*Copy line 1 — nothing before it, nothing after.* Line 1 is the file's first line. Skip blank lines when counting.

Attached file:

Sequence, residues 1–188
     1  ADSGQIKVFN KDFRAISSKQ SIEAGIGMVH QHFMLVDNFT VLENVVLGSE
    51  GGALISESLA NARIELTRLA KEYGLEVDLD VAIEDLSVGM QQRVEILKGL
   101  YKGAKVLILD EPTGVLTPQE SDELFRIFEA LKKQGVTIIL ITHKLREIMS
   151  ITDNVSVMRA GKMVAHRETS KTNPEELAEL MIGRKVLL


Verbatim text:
Sequence, residues 1–188